Despite early reports that there was no use of National Security Agency-developed exploits in this week's crypto-ransomware outbreak, research released by Cisco Talos suggests that the ransomware worm known as "Bad Rabbit" did in fact use a stolen Equation Group exploit revealed by Shadowbrokers to spread across victims' networks. The attackers used EternalRomance, an exploit that bypasses security over Server Message Block (SMB) file-sharing connections, enabling remote execution of instructions on Windows clients and servers. The code closely follows an open source Python implementation of a Windows exploit that used EternalRomance (and another Equation Group tool, EternalSynergy), leveraging the same methods revealed in the Shadowbrokers code release. NotPetya also leveraged this exploit..."

    https://arstechnica.com/information...nalromance-exploit-to-spread-researchers-say/

    "...'This is a different implementation of the EternalRomance exploit,” said Martin Lee, technical lead of security research for Cisco’s research arm, Talos. “It’s different code from what we saw used in NotPetya, but exploiting the same vulnerability in a slightly different implementation.'..."

    https://threatpost.com/eternalromance-exploit-found-in-bad-rabbit-ransomware/128645/
     
    Last edited: Oct 26, 2017
  14. itman

    itman Registered Member

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    You do really have to wonder about the state of security in the Ukraine and Russia since this exploit was patched months ago.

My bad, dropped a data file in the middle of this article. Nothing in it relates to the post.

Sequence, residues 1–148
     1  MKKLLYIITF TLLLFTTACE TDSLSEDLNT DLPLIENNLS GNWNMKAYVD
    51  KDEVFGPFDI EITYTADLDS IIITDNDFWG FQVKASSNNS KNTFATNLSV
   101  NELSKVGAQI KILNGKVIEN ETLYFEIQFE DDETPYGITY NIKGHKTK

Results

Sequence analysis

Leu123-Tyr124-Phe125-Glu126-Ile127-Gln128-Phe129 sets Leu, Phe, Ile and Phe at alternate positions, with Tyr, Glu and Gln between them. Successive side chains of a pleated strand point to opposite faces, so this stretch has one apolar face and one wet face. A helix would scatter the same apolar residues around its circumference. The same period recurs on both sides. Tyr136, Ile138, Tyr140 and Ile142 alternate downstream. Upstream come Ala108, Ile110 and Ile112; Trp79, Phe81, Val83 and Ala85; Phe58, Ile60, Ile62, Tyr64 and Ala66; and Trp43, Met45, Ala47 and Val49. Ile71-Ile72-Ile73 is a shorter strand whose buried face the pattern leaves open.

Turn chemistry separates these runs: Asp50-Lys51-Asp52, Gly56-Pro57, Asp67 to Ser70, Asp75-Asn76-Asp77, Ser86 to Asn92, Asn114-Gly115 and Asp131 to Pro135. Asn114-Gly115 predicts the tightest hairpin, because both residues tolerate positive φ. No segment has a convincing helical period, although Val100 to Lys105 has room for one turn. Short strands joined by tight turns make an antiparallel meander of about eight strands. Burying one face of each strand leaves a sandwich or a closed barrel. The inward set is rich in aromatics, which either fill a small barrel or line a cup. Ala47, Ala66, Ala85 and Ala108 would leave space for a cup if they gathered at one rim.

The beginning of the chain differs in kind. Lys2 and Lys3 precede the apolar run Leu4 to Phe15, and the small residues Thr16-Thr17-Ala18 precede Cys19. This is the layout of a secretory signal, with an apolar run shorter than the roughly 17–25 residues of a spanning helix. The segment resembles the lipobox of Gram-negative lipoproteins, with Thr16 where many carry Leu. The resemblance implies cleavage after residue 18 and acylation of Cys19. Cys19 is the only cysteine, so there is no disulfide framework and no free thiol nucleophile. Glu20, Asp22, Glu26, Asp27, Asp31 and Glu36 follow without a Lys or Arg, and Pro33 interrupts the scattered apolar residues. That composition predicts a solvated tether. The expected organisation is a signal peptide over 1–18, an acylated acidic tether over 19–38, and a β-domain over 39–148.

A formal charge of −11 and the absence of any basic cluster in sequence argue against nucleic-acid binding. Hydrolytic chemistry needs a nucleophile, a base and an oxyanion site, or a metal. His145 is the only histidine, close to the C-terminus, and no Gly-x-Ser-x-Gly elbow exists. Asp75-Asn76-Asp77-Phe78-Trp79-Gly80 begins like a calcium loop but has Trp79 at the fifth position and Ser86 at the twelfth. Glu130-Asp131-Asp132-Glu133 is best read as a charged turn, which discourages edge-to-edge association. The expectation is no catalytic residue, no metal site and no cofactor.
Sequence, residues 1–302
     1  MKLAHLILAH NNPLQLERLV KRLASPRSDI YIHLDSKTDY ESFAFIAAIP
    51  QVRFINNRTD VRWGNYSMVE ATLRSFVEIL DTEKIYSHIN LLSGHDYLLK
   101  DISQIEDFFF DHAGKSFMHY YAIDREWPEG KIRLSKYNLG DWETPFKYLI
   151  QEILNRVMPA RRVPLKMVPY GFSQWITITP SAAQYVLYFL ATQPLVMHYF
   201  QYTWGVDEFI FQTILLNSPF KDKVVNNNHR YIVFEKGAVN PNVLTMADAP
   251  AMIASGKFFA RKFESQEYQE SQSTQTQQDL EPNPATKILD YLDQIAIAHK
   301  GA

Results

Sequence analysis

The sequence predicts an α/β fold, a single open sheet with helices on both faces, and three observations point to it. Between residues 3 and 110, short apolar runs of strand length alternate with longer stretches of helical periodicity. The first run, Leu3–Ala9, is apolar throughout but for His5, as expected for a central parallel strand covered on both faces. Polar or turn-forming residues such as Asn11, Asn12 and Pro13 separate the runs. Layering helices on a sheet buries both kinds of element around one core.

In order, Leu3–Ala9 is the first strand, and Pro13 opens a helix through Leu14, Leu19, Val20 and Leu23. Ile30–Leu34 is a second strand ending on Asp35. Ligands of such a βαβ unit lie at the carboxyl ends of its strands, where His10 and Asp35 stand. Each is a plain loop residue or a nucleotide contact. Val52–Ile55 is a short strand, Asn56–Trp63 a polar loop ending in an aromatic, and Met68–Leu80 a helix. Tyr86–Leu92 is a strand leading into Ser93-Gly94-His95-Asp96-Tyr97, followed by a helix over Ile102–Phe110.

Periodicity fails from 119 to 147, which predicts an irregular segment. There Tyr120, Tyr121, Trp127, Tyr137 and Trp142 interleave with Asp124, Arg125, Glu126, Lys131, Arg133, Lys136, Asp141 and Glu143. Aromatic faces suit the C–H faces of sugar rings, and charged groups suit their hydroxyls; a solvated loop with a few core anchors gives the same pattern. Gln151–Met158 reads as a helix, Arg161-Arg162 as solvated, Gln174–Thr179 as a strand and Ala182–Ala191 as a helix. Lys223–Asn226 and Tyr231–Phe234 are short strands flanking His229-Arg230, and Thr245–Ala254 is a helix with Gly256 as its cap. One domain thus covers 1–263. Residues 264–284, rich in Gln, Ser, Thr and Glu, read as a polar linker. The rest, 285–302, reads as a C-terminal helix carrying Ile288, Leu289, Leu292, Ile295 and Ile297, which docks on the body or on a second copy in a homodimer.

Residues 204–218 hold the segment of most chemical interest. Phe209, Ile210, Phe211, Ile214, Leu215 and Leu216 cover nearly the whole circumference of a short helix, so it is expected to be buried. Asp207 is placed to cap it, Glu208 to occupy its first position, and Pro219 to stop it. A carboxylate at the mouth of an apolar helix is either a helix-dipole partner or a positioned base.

Also for clarification the initial exploiting is not done by EternalBlue:
    http://www.securityweek.com/bad-rabbit-ransomware-uses-nsa-exploit-spread

    Also the network propagation was not done exclusively via SMBv1 but using a number of legit Windows features:
    http://blog.talosintelligence.com/2017/10/bad-rabbit.html
     
    Last edited: Oct 26, 2017
  15. itman

    itman Registered Member

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    In light that this attack used EternalRomance, might be good to review what security solutions block it. Eset was the only once that outright blocked EternalRomance in this ad hoc test by MRG: https://www.mrg-effitas.com/eternalromance-vs-internet-security-suites-and-nextgen-protections/

    Of note about EternalRomance:
    Hence the use of Mimikatz in this attack to gain credentials as noted in the Cisco analysis.
     
    Last edited: Oct 26, 2017
  16. itman

    itman Registered Member

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    Now this is very interesting indeed! Appears we have entered the next NSA exploit phase where malware developers are launching their own modified versions of them:eek: What has not been answered is if the previous Windows patches deployed will work against these modified versions? And do these new versions work against Win 8/10?
    https://www.bleepingcomputer.com/news/security/bad-rabbit-ransomware-outbreak-also-used-nsa-exploit/